Data from a phase 3 end of study of nusinersen (Spinraza) demonstrated significant improvement in motor function among children with later-onset spinal muscular atrophy (SMA).
Nusinersen is an antisense oligonucleotide designed to treat SMA by altering the splicing of SMN2 pre-mRNA to increase the production of full-length SMN protein. It is administered via intrathecal injections, according to a press release.
The multicenter, randomized, double-blind, sham-procedure controlled, phase 3 CHERISH study was designed to assess the safety and efficacy of nusinersen in children with later-onset SMA.
Nusinersen was investigated in 126 non-ambulatory children aged 2 to 12 years who experienced symptom onset at greater than 6 months of age, according to the study.
The results of the 15-month study showed that children administered nusinersen experienced a highly statistically significant and clinically meaningful improvement in motor function compared with untreated children.
When changes were measured from baseline, children who received nusinersen achieved a 3.9-point mean improvement at month 15, whereas children who did not receive nusinersen experienced a mean decline of 1.0 point.
The primary endpoint results of the analysis were consistent with results observed at the interim analysis, according to the press release.
Additional endpoints that included attainment of new motor milestones and upper limb motor function were consistently in favor of children who received nusinersen. Overall, nusinersen demonstrated a favorable safety profile, according to the press release.
Treatment-emergent adverse events (AEs), severe AEs, and serious AEs (SAEs) were reported less frequently in children administered nusinersen compared with those who did not receive treatment.
Most of the AEs were considered related to SMA, were common events in the general population, or were related to the lumbar puncture procedure. None of the study participants discontinued treatment due to AEs.
“In CHERISH, most children with later-onset SMA treated with Spinraza saw improvements in motor function and stabilization or slowing of disease progression,” Dr Richard Finkel, chief of neurology, Nemours Children’s Hospital, said in a press release. “As a physician who has spent 37 years treating children with SMA, it’s incredibly encouraging to see some patients on Spinraza achieve milestones such as crawling and standing with assistance within the clinical trial. These kinds of clinically meaningful improvements are unprecedented and give new hope to individuals with SMA and their families.”
Data from the end of study will be presented at the American Academy of Neurology annual meeting in Boston, MA. Additionally, Biogen will also present new interim data from the phase 2 NURTURE study.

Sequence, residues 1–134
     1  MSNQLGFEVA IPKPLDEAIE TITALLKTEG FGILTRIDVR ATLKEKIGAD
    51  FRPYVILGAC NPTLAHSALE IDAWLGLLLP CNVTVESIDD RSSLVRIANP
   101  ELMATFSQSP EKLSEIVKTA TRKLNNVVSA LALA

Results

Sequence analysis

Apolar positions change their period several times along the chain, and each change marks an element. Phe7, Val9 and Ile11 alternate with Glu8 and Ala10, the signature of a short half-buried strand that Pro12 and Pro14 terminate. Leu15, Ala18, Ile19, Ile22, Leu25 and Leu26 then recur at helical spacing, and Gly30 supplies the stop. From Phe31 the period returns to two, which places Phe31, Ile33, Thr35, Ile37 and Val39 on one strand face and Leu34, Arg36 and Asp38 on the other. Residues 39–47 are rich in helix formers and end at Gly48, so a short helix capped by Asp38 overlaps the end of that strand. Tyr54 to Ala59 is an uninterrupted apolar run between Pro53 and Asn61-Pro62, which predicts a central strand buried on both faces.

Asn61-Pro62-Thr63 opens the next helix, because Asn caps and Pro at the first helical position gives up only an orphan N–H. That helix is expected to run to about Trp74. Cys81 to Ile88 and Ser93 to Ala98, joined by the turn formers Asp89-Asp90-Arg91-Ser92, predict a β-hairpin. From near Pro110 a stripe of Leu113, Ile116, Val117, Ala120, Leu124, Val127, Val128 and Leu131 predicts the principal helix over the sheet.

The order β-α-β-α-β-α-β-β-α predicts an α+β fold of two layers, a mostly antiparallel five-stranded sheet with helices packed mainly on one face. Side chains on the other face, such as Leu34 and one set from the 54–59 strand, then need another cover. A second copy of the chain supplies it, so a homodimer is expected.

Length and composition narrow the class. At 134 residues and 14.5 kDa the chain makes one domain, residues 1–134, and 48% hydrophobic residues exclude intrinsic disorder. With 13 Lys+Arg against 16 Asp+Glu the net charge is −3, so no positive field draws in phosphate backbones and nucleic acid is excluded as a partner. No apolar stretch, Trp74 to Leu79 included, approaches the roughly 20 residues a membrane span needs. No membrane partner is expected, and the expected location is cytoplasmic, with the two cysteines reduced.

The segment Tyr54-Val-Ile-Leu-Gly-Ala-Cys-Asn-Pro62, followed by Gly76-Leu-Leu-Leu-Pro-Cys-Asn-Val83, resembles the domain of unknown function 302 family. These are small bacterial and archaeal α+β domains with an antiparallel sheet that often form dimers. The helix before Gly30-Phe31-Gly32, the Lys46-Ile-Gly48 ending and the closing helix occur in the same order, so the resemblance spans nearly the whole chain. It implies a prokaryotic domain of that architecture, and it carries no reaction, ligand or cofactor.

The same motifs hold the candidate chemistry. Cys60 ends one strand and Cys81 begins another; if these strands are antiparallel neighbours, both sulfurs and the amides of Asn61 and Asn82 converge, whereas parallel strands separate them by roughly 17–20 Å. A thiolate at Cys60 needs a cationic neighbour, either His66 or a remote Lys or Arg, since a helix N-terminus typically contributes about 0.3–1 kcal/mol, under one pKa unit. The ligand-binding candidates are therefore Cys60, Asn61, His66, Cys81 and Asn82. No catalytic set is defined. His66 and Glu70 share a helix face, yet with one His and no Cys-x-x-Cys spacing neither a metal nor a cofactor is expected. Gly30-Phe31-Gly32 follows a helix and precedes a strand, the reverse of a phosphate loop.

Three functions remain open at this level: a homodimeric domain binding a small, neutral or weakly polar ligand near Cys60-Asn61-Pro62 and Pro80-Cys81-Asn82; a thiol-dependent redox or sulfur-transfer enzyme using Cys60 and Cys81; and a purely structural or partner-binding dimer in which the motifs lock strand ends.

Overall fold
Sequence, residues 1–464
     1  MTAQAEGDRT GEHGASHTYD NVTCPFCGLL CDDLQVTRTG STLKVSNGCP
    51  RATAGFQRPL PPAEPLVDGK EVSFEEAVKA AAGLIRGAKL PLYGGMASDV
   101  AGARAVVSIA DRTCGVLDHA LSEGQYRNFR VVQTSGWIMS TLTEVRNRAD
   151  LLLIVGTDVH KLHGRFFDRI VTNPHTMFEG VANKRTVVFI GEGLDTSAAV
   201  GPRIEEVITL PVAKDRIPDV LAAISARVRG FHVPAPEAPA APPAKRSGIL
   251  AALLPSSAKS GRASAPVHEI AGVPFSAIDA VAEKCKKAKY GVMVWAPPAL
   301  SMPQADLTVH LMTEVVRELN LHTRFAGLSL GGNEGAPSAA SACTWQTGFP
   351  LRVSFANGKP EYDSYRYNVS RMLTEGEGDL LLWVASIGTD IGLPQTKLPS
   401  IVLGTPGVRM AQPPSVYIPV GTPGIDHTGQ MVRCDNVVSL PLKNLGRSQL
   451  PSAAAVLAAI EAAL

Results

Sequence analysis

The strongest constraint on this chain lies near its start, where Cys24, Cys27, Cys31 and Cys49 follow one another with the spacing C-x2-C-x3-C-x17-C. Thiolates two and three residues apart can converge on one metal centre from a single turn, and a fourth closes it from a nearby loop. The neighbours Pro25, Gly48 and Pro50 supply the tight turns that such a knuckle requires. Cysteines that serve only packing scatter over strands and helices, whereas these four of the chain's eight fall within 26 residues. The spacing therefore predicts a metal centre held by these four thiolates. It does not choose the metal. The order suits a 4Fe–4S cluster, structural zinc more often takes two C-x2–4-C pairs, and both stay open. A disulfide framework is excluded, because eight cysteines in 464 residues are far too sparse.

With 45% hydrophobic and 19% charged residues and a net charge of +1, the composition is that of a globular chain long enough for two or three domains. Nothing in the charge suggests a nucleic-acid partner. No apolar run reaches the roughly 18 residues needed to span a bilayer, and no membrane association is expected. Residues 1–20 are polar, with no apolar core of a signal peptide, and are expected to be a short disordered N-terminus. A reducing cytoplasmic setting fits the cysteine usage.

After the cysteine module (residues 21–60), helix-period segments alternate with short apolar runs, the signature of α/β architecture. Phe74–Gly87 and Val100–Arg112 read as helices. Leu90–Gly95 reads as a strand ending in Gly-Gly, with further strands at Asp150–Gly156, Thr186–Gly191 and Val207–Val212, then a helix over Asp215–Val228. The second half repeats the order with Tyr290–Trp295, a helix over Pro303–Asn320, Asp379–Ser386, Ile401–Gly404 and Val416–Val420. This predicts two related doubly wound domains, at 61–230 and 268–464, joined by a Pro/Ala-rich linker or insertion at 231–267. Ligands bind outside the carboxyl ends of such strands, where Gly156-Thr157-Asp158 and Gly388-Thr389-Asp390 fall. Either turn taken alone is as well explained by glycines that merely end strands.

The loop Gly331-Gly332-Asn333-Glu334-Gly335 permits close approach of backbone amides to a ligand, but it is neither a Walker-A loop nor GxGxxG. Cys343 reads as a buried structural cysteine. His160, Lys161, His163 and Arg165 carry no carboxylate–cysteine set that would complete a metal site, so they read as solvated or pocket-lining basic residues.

“The CHERISH study, conducted in collaboration with Ionis, further demonstrates the meaningful impact SPINRAZA can have in children with later-onset SMA, and reaffirms the benefit of treatment across SMA populations,” Alfred Sandrock, MD, PhD, executive vice president and chief medical officer at Biogen, said in a release. “Our clinical development program demonstrates the impact of early treatment, which is confirmed by NURTURE data showing significant motor milestone improvements generally consistent with normal development in presymptomatic infants treated with Spinraza.”
NURTURE is a multicenter, open-label, single-arm phase 2 study examining nusinersen for the treatment of infants younger than 6-weeks-old with genetically diagnosed SMA who were presymptomatic at treatment initiation.
At the time of the interim analysis, infants were enrolled for a median of 317.5 days. All infants were alive and none required respirator intervention, such as chronic noninvasive ventilation, invasive ventilation, or tracheostomy.
Most infants achieved motor milestone and growth parameter gains that were generally consistent with normal development, such as head control, independent sitting, and standing and/or walking independently, according to the release.
According to the investigators, treatment-emergent AEs were possibly related to nusinersen, but all were resolved. None of the infants discontinued treatment or withdrew from the study due to AEs. There were no new safety concerns identified, according to the release.
“The results from NURTURE are significant, as they continue to demonstrate the importance of beginning Spinraza treatment as soon as possible after an SMA diagnosis and the major impact that early treatment may have across a broad range of SMA populations,” Sandrock, MD, PhD, said.